CCG Outcomes Indicators - March 2013 release
Clinical Commissioning Group (CCG) indicators form part of the CCG Outcomes Indicator Set. The indicators aim to provide clear, comparative information for CCGs and Health and Wellbeing boards about the quality of health services commissioned by CCGs and, as far as possible, the associated health outcomes. They therefore help CCGs and Health and Wellbeing boards to understand where they may need to focus their efforts to improve services and outcomes.
The indicator set comprises 16 indicators and draws on a variety of data sources to provide users with the ability to compare at CCG level, including:
· Mortality (Primary Care Mortality Database)
· Hospital Episodes Statistics
· GP Patient Survey
· GP registered population, extracted directly from GP systems
This release sees one indicator published as part of the CCG indicator set for the first time:
· 1.7 - Under 75 mortality rate from liver disease
It also includes two indicators that are being published with a revised calculation methodology:
· 2.6 - Unplanned hospitalisation for chronic ambulatory care sensitive conditions
· 3.1 - Emergency admissions for acute conditions that should not usually require hospital admission
Each of the remaining indicators has been updated to reflect the latest available CCG structures. For this release values for each indicator are presented across 211 CCGs.
The indicators here relate to four of the five quality domains as presented in the NHS Outcomes Framework, which are, preventing people from dying prematurely; enhancing the quality of life for people with long-term conditions; helping people to recover from episodes of ill health or following injury and ensuring that people have a positive experience of care.
A description of the indicators relevant to the domains, with an indication of key findings where these are of particular note, are the following:
· Potential Years of Life Lost due to amenable causes are given for each CCG. Conditions considered amenable to healthcare should not result in premature deaths where timely and effective healthcare is available. The concept of ‘amenable’ mortality generally relates to deaths under the age of 75 and figures are reported for males and females separately.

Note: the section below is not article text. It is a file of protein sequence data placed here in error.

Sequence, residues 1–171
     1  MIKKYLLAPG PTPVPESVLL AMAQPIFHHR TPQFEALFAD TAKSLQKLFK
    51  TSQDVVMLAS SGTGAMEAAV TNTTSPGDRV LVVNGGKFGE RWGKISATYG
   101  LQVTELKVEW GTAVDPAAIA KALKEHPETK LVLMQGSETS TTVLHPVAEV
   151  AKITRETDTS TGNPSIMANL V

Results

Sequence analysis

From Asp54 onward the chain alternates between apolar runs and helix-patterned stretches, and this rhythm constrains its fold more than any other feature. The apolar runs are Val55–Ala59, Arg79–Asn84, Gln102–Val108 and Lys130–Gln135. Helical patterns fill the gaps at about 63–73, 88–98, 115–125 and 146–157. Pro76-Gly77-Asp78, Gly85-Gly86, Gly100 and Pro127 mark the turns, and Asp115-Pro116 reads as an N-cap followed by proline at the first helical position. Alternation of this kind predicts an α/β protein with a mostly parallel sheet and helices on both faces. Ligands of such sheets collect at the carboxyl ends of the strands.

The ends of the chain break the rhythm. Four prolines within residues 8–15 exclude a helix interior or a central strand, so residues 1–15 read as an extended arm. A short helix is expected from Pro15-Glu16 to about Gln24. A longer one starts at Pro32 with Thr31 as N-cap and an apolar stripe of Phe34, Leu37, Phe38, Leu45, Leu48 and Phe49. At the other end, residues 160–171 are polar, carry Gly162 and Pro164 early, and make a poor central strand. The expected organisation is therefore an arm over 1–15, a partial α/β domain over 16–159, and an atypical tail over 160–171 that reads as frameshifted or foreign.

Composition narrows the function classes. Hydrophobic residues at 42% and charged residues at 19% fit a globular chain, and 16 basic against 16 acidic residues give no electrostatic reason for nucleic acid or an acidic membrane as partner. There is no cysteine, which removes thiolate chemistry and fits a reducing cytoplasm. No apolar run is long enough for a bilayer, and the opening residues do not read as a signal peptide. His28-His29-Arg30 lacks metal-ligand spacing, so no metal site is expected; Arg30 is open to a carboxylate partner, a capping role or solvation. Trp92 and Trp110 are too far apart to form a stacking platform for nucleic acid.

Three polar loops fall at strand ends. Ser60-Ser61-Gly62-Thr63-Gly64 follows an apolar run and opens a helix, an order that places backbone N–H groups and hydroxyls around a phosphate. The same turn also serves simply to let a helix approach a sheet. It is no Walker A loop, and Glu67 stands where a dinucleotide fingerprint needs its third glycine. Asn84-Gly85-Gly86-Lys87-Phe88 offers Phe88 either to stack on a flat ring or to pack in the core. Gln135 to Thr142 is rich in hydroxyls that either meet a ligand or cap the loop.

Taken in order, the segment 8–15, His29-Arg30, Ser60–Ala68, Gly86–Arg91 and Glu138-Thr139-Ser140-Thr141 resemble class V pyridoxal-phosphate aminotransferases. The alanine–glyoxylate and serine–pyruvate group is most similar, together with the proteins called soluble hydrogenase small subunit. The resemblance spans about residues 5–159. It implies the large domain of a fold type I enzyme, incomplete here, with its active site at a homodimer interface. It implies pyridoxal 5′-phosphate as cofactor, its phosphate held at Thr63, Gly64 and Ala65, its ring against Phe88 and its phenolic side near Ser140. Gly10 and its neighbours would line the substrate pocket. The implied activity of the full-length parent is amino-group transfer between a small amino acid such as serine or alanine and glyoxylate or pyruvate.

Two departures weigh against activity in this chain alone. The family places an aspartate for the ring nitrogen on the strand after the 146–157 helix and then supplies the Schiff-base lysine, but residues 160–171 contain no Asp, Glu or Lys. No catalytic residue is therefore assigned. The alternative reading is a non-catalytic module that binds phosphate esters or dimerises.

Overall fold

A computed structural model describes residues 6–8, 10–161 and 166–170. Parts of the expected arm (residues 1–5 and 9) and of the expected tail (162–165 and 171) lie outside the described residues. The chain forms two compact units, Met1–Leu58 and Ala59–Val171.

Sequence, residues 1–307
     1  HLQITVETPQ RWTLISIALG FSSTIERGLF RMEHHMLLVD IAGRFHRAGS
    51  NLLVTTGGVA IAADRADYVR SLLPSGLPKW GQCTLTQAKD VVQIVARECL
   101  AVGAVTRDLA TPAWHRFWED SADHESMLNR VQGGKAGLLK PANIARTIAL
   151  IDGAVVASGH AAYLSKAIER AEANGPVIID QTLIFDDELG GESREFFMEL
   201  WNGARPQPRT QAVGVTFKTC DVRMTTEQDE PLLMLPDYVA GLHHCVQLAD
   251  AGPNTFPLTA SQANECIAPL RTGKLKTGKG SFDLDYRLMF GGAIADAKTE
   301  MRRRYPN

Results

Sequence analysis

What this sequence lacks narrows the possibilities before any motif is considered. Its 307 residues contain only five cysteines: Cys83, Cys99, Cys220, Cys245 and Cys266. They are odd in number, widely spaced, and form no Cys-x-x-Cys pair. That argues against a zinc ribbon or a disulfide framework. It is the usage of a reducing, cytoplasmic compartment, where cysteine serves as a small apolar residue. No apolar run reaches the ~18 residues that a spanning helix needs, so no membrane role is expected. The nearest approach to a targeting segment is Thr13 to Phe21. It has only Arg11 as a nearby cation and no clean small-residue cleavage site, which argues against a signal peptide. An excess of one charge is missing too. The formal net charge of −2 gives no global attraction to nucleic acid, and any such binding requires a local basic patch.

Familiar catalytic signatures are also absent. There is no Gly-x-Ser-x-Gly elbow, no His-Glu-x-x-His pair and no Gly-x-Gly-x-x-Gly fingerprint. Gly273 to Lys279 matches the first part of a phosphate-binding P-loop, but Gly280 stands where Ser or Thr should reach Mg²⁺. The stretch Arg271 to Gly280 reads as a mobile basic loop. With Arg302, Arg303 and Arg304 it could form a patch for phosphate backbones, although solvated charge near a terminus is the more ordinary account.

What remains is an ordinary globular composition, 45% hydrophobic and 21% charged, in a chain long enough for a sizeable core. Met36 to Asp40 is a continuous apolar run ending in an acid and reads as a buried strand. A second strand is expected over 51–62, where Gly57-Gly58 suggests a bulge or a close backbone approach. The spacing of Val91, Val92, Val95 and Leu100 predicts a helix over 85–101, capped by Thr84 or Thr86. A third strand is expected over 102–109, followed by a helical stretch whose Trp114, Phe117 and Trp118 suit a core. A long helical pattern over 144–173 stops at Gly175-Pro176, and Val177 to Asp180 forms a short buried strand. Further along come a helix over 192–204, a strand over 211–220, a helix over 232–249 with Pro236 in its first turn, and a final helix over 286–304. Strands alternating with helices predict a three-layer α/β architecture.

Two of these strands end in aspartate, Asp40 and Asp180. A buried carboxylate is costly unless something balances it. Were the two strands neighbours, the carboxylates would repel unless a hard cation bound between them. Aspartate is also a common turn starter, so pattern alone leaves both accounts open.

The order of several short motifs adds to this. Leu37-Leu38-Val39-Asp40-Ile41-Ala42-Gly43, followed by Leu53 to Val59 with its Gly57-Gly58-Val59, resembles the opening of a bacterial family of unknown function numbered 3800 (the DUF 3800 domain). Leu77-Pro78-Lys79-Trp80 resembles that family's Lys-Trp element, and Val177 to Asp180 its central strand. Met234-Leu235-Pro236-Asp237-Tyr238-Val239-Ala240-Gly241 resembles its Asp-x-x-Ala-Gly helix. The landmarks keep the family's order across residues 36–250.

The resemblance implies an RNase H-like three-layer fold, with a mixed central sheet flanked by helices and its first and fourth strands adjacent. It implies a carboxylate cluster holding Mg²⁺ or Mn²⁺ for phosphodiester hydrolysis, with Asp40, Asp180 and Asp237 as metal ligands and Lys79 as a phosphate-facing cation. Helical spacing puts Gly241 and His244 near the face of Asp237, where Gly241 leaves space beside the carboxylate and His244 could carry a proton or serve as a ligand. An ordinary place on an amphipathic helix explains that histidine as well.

· Mortality rates in the under 75s from cancer, respiratory disease, cardiovascular disease and liver disease form part of the set of indicators aimed at reducing premature mortality from the major causes of death. Some variation can be observed, for example in 2011 the lowest rate of mortality due to cardiovascular disease was 31 per 100,000 while the highest rate was 127.
· Five indicators are intended to measure the effective management of a range of conditions within primary care settings.
Two indicators focus upon emergency admissions for people of all ages due to:
o Chronic ambulatory care sensitive conditions
o Acute conditions that should not usually require hospitalisation
Two similar indicators are included for children and young people under the age of 19:
o Emergency admissions for asthma, diabetes and epilepsy
o Lower respiratory tract infections (LRTIs)
The remaining indicator looks at emergency admissions for adults aged 19 and over due to:
o Alcoholic liver disease
These emergency admission rates also show variation across the CCGs. For example, in 2011/12 the ambulatory care admission rates per 100,000 registered patients varied from 215 for one CCG to 1,742 for another CCG while the comparable indicator for children has minimum and maximum values of 74 and 753 respectively.
· In recognition of the importance of seeking patient feedback on the quality and effectiveness of their experience, treatment and care, this release includes Patient Reported Outcome Measures (PROMs) for four elective procedures:
o Hip replacement
o Knee replacement
o Groin hernia treatment
o Varicose veins surgery
· Patient feedback of Primary Care is collected in the GP Patient Survey; patient experience of GP Out-of-Hours services is reported in this release with more indicators expected in subsequent publications.